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Lifetime Weight Control and Nutritional Balance

28 Days to Better Health

Nutrition for Your Needs

NutriMirror’s free food journal not only helps control your calorie count, it’s also customized to give appropriate nutrition recommendations based on your own personal, individual needs.

free food diary

Iron

Iron is an essential nutrient that carries oxygen and forms part of the oxygen-carrying proteins, hemoglobin in red blood cells and myoglobin in muscle. It is also a necessary component of various enzymes.

Deficiencies: Severe iron deficiency results in anemia. Iron deficiency anemia in pregnancy increases the risk of premature and low birth weight babies. In young children, iron deficiency is associated with behavioral abnormalities (such as reduced attention span) and reduced cognitive performance that may not be fully reversible by iron replacement. In adults, severe iron deficiency anemia impairs physical work capacity. In the US, iron deficiency anemia is relatively rare, but affects 5% of women 20-49 years old. Moderate iron deficiency without anemia is most common in children 1-2 years old (9%) and females 12-49 years old (9-11%), reflecting rapid growth or menstrual iron loss, and is less common in other groups.

Food sources: In the U.S., grain products are a principal source of dietary iron, followed by meat, poultry and fish, then vegetables, then legumes, nuts, and soy. Red meat is a rich source of iron that is well absorbed. Refined grain products in the U.S. are enriched routinely with iron. Iron-fortified formula or cereals are useful in preventing iron deficiency in infants.

Dietary Reference Intakes for Iron

Recommended Intakes for Individuals*
Age Male Female Pregnant Lactating
1-3 yrs.7 mg7 mg
4-810 mg10 mg
9-138 mg8 mg
14-1811 mg15 mg27 mg10 mg
19-308 mg18 mg27 mg9 mg
31-508 mg18 mg27 mg9 mg
51-708 mg8 mg
70+8 mg8 mg

*These Recommended Dietary Allowances are set to meet the needs of almost all (97 to 98 percent) individuals in the groups listed in the table above.

Tolerable Upper Intake Levels (UL)**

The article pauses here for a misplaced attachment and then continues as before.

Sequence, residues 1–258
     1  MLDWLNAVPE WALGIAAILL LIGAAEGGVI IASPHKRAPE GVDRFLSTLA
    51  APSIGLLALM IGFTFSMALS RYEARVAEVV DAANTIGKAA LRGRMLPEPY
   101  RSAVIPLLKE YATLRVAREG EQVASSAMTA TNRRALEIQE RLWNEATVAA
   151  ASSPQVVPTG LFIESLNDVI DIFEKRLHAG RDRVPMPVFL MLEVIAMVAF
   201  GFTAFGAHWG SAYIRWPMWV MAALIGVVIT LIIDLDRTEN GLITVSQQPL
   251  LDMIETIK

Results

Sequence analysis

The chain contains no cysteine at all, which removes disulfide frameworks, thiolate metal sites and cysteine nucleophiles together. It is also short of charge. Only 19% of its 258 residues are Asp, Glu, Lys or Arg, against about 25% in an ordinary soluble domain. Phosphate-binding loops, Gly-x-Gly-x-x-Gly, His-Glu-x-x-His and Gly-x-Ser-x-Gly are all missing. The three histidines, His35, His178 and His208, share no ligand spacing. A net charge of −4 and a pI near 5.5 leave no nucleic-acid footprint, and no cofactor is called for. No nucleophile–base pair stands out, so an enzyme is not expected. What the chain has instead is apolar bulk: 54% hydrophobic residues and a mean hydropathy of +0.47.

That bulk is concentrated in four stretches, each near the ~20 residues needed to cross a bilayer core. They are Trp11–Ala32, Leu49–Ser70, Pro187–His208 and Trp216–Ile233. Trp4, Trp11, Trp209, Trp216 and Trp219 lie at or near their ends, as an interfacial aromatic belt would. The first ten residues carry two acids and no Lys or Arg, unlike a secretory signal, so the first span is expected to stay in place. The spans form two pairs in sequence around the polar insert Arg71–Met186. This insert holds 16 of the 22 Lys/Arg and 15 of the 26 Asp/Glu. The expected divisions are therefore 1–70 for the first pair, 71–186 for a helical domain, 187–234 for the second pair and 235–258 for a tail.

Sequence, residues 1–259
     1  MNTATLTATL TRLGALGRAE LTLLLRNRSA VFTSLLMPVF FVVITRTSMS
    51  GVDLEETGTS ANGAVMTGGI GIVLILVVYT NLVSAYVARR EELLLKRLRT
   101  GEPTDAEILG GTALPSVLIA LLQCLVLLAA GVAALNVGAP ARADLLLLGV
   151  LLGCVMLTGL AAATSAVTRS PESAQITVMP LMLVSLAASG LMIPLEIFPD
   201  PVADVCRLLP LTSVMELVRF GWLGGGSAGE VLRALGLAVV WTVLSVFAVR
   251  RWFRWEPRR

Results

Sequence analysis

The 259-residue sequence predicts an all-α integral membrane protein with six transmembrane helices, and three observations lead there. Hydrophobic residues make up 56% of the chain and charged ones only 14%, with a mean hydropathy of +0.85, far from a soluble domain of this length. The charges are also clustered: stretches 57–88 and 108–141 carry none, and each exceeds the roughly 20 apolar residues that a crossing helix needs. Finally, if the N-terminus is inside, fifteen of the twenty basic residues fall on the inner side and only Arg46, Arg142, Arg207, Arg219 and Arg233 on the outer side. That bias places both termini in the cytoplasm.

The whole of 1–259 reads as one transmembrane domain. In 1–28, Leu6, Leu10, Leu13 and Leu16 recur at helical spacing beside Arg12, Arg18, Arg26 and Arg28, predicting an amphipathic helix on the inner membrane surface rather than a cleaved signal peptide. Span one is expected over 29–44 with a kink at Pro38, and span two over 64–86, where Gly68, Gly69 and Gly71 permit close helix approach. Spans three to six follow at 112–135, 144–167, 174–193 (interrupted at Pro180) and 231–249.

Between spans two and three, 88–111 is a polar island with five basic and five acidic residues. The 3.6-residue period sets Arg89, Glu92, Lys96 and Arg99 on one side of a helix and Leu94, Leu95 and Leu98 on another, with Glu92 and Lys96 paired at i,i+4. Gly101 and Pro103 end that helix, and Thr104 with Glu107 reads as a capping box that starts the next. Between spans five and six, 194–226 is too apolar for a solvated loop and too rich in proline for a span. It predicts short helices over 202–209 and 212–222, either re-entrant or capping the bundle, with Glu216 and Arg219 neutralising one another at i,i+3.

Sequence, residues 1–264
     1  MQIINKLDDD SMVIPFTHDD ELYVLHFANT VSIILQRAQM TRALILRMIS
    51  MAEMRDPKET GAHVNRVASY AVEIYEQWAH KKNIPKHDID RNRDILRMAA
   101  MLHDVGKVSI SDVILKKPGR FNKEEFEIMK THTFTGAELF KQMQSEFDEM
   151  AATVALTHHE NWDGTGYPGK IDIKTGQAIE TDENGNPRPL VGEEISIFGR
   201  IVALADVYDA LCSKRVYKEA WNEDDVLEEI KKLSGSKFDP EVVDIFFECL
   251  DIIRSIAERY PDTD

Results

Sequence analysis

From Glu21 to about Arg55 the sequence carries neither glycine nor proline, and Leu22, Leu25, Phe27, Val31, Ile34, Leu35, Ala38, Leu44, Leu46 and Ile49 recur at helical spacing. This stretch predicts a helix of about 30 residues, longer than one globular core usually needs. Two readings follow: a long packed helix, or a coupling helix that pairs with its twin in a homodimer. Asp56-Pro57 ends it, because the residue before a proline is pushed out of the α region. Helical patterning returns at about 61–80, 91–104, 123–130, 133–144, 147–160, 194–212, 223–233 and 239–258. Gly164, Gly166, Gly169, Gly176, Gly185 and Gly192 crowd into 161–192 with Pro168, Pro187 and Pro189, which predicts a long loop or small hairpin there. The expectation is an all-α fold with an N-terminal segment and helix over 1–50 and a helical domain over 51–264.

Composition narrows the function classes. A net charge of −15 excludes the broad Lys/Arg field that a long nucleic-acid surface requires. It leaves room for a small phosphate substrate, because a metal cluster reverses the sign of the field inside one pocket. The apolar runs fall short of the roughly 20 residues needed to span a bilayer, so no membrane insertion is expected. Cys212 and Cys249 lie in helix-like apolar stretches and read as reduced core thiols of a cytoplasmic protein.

Age Male Female Pregnant Lactating
1-3 yrs.40 mg40 mg
4-840 mg40 mg
9-1340 mg40 mg
14-1845 mg45 mg45 mg45 mg
19-5045 mg45 mg45 mg45 mg
51-7045 mg45 mg
70+45 mg45 mg

**UL = The maximum level of daily nutrient intake that is likely to pose no risk of adverse effects. Unless otherwise specified, the UL represents total intake from food, water, and supplements.

Source: Food and Nutrition Board, Institute of Medicine, National Academies


Vitamin, Mineral, and Nutrient Reference Values

The values in the label shown below are the targets used to determine Daily Value percentages that appear on the Nutrition Facts labels on foods sold in the U.S. These numbers are meant to approximate the nutrients needed for the average person consuming 2000 calories per day. Click any of the vitamin or nutrient names below to learn more about the importance of each element, and to see detailed dietary allowances (the Dietary Reference Intake values) for specific population groups.

Daily Value***
 
  65 g
Total Fat
  20 g
  Saturated Fat
  Trans Fat
  300 mg
Cholesterol
  2400 mg
Sodium
  25 g
  Dietary Fiber
  Sugars
  50 g
Protein
  5000 IU
Vitamin A
  60 mg
Vitamin C
  1 g
Calcium
  18 mg
Iron
Daily Value***
 
  400 IU
Vitamin D
  30 IU
Vitamin E
  80 µg
Vitamin K
  1.5 mg
Thiamin
  1.7 mg
Riboflavin
  20 mg
Niacin
  2 mg
Vitamin B6
  400 µg
Total Folate
  6 µg
Vitamin B12
  1 g
Phosphorus
  400 mg
Magnesium
  15 mg
Zinc
  70 µg
Selenium
  2 mg
Copper
  2 mg
Manganese
  3.5 g
Potassium

***Daily Value recommendations are based on a 2000-calorie diet. Recommendations for individuals will vary depending on sex, age, weight, and other factors.


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